Readings serve to offer background material and to supplement and enhance lecture materials. General readings are listed by week below, specific sections will be assigned on a week by week basis.
This course uses the ANGEL course management tool. If you are enrolled in this course you are automatically included in ANGEL for Geo 151. Point your browser at the following URL: https://angel.msu.edu/
and log-in with your MSUNet ID and password. Do not enter your entire MSU e-mail address as a log-in, your MSUNet ID is the part of the address that precedes the @ symbol. Please note that you can ONLY use your pilot account to access materials. All emails from me to you will also use the pilot system. If you use a different email system, be sure to forward you pilot account to that other address. All assignments, handouts, assignment scores, and lecture outlines will be available through ANGEL. Lecture outlines will be available 24 hrs before the scheduled lecture and will remain posted throughout the semester. Specific readings, assignments and events will be posted on the announcements page. Be sure to check ANGEL frequently.
(Please note – this schedule is subject to change.)
Week 1 8/30 Housekeeping; introduction to geography and the course
9/1 Worldviews and globalization; mental map exercise
(Exercise 1 assigned)
Readings from Chapters 1
Week 2 9/6 LABOR DAY (no class)
9/8 Cultural landscapes
(Exercise 1 due)
Readings from Chapter 4
Week 3 9/13 Population issues I – Dr. DeBlij
9/15 Population issues II
Readings from Chapter 2
Week 4 9/20 The impact of AIDS on populations
9/21 Migration in the age of globalization
Readings from Chapter 3
Week 5 9/27 Population debates/ Catch up and review for Exam I
9/29 EXAM I
Readings from Chapter 2 and 3
Week 6 10/4 Geography of language
10/6 Geography of religion
(Exercise 2 assigned)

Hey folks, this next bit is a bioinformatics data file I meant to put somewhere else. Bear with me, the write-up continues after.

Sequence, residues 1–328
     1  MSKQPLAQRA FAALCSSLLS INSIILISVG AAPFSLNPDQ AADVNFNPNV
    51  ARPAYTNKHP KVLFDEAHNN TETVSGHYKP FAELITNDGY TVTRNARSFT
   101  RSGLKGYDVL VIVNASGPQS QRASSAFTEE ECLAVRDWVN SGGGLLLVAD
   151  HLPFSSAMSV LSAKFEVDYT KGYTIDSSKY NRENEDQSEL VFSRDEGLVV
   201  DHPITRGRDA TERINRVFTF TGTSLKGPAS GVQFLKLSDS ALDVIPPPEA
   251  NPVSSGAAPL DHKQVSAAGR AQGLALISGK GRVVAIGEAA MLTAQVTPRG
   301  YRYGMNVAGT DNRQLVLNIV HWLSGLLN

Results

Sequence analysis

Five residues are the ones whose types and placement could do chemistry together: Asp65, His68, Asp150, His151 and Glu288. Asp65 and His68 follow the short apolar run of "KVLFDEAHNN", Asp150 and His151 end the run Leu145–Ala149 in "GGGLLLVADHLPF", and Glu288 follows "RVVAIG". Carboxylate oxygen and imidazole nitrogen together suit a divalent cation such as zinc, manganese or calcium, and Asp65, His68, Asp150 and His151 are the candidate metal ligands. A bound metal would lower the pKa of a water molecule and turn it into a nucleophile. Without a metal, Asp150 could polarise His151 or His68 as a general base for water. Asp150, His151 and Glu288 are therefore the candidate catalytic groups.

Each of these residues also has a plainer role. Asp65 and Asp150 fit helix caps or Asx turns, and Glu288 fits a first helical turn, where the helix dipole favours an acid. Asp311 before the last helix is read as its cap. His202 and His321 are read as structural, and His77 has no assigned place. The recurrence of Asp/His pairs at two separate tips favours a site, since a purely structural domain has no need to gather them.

Readings from Chapters 5 and 6
Week 7 10/11 Islam in the world today
Readings from Chapter 6 and 7
Week 8 10/18 Political patterns and processes I
10/20 Political patterns and processes II
(Exercise 2 due)
Readings from Chapters 8
Week 9 10/25 Economic development I
10/27 Economic development II
Readings from Chapter 9
Week 10 11/1 Digital divide/ Review for Exam II
11/3 EXAM II
Readings from handout
Week 11 11/8 The Columbian Exchange
(Short Paper assigned)
11/10 Agriculture and food production
Readings from Chapter 10
Week 12 11/15 Industry and services
11/17 Urbanization and industrialization (Dr. Vojnovic)
Readings from Chapter 11, 12, and 13
Week 13 11/22 Urban explosion
11/24 ALMOST THANKSGIVING (no class)
Readings from Chapter 13 and 14
Week 14 11/29 Detroit and Toronto (Dr. Darden)
12/1 Urban structure
(Short Paper due)
Readings from Chapter 13
Week 15 12/6 Resource issues
12/8 Future geographies/ Review for Exam III
Readings from Chapter 14
Exam III will be given during the final exam slot, Monday December 13, from 12.45-2.45 pm.
1) Please inform the instructor as soon as possible if you will have any conflict with class meetings, exam periods, and paper deadlines due to religious, athletic, or other reasons.
2) I will accommodate necessary changes to scheduled assessments due to life’s circumstances only if you inform me of those happening as they happen or immediately thereafter!!! Emails during finals week disclosing a semester-long problem will not garner much sympathy.
3) If you have special needs, please inform me as soon as possible.